International students give their thoughts on the election

By Emily Peterson | October 12, 2016 9:20am

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Aoibhe Richardson, sophomore from Ireland. 

by Emily Peterson / The Beacon

Aoibhe Richardson heard about the U.S. election through Facebook videos and memes while she was home in Ireland this summer. The sophomore psychology major says most of these revolved around controversial things Trump has said.

Since coming to Portland, Richardson has not talked about the election a great deal, though she was able to watch part of the first presidential debate.

“All political debates have sly digs and such,” Richardson said, “but (the moderators) didn’t even stop them from butting in or anything, they just let them at it. I suppose it makes it entertaining for people to watch.”

While international students at the University of Portland can’t vote in the election, some remain interested in voicing their opinions on the political situation and in hearing Americans’ thoughts.

Richardson says if she could vote, she would cast her ballot for democratic nominee Hillary Clinton, a voting preference she said she has observed in most of her University of Portland peers. Freshman Susan van Weperen, who is from the Netherlands, and sophomore Alix Ratcliffe, who is from Australia, agreed.

“(Clinton) doesn’t seem like the most likable person, but I suppose she’s a better alternative,” Richardson said. “I wouldn’t be worried about living here for the next (four) years with her as president, let’s just put it that way.”

Alix Ratcliffe, sophomore from Australia.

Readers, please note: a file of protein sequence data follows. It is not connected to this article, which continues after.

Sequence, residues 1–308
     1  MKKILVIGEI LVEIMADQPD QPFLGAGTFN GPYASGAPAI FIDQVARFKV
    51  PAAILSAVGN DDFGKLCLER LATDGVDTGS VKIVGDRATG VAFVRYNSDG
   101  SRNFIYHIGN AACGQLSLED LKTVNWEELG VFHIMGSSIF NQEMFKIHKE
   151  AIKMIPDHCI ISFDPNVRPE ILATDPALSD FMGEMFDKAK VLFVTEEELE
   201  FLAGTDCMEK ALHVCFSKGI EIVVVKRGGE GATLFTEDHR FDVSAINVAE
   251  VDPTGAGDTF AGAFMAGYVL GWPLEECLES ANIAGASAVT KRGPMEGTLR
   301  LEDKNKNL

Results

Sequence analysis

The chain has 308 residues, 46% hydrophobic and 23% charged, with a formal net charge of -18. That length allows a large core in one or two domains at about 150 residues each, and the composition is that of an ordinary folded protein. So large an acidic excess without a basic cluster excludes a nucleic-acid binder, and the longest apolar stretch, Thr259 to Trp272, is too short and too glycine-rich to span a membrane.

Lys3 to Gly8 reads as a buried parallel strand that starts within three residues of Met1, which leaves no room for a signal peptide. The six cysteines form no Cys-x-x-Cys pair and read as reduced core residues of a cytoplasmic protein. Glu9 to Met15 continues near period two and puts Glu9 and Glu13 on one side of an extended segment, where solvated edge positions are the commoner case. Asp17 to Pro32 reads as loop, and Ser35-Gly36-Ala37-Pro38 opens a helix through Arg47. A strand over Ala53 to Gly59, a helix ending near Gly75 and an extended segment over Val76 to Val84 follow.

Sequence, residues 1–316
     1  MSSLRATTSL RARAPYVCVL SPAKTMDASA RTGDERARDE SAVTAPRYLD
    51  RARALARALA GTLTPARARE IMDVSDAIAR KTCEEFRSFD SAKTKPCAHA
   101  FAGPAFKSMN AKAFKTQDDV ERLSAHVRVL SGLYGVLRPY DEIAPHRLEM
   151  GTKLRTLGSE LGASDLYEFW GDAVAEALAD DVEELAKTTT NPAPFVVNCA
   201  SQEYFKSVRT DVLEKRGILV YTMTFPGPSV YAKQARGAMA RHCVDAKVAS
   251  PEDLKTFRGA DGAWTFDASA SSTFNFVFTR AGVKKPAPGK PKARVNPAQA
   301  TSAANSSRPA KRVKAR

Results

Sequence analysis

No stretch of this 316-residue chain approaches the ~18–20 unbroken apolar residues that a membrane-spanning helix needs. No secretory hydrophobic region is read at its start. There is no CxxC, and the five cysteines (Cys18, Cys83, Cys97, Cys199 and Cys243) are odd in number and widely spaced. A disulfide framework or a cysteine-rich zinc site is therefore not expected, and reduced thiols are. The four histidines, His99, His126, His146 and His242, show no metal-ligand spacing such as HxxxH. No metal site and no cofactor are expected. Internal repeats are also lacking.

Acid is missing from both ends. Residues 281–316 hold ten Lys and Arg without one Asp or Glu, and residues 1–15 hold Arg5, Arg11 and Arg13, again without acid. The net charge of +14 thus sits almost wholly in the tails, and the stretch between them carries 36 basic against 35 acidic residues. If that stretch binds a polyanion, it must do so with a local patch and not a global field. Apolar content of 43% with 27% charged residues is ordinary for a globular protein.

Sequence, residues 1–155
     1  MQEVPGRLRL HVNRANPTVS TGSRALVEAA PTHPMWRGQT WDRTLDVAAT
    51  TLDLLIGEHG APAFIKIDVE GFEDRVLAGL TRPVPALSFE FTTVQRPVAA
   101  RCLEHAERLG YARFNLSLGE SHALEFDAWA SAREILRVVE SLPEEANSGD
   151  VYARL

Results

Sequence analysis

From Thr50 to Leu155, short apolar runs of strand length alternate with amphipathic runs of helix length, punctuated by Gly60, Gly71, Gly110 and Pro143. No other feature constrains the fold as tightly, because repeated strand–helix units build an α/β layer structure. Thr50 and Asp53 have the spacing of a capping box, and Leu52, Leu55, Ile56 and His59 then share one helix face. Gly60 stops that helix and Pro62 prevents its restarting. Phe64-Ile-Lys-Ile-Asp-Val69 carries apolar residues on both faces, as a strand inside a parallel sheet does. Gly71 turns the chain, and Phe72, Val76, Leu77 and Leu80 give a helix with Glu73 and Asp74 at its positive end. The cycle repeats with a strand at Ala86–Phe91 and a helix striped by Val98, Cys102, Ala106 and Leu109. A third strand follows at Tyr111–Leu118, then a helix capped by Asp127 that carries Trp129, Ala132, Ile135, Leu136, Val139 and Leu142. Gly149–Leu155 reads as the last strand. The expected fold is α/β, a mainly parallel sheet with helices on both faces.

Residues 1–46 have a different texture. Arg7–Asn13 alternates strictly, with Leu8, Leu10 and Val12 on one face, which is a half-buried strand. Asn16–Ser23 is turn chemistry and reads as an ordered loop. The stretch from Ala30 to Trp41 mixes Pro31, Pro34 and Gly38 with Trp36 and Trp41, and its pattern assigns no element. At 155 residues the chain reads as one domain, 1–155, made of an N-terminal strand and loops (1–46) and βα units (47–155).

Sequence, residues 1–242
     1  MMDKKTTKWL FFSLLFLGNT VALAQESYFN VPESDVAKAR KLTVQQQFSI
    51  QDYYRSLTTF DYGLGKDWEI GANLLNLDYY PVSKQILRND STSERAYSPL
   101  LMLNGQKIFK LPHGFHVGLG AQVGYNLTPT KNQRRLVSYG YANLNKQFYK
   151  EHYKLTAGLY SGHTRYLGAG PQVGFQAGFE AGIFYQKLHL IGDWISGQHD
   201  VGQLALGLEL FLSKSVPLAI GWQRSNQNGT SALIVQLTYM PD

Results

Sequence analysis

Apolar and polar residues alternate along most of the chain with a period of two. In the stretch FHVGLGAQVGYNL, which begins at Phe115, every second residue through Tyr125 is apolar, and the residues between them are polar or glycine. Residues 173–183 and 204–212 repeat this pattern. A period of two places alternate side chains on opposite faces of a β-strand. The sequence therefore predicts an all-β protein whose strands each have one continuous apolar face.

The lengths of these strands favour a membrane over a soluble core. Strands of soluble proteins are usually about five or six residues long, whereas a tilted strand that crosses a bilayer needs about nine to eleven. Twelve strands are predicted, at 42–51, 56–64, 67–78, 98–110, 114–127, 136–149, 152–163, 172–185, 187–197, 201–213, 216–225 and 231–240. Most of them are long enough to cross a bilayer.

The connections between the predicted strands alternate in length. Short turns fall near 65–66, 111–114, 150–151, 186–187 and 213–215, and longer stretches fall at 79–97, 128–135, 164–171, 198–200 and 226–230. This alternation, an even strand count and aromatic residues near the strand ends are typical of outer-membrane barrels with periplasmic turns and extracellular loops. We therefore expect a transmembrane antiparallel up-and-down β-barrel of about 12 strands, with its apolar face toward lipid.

by Kristen Garcia / The Beacon

Ratcliffe also watched part of the first debate, and said it was different than what she would see in Australia, where it is rare that opposing leaders would stand together to argue about policies. Normally, she sees policies explained through TV commercials and one on one interviews with candidates. The media hype over the debate was new to her. Ratcliffe said she knew “something must be up” with this particular U.S. election based on the amount of American election coverage she saw in Sydney before she arrived in Portland in August.

“(Watching the first debate) felt like a very American experience,” Ratcliffe said. “(But) you could tell that this election was different because it was in the (Australian) media so much.”

In general, Ratcliffe feels that people at UP are much more open about politics than in Australia. Voting in Australia is required, with large fines for those who do not vote, but Ratcliffe said generally voting choices are not discussed, even among family.

But Ratcliffe said even her family got into a heated debate about the U.S. election before she left home, which she said is unusual. When the election came up in Australian media as she was preparing to head to the U.S. for school, her extended family voiced their opinions on the American political situation. Her cousin voiced support for Trump because he thinks Trump would accomplish more than Clinton — Ratcliffe, however, says she does not want to see Trump accomplish his goals.

Among friends in Australia, Ratcliffe said the general opinion is very anti-Trump. Upon seeing students wearing Trump t-shirts at UP, she snuck a photo and sent it to her friends.

“It’s so weird that they are proud to be supporting (Trump),” Ratcliffe said, quoting texts received from Australian friends. “They look so happy, and like such nice people, why would they support someone like that?”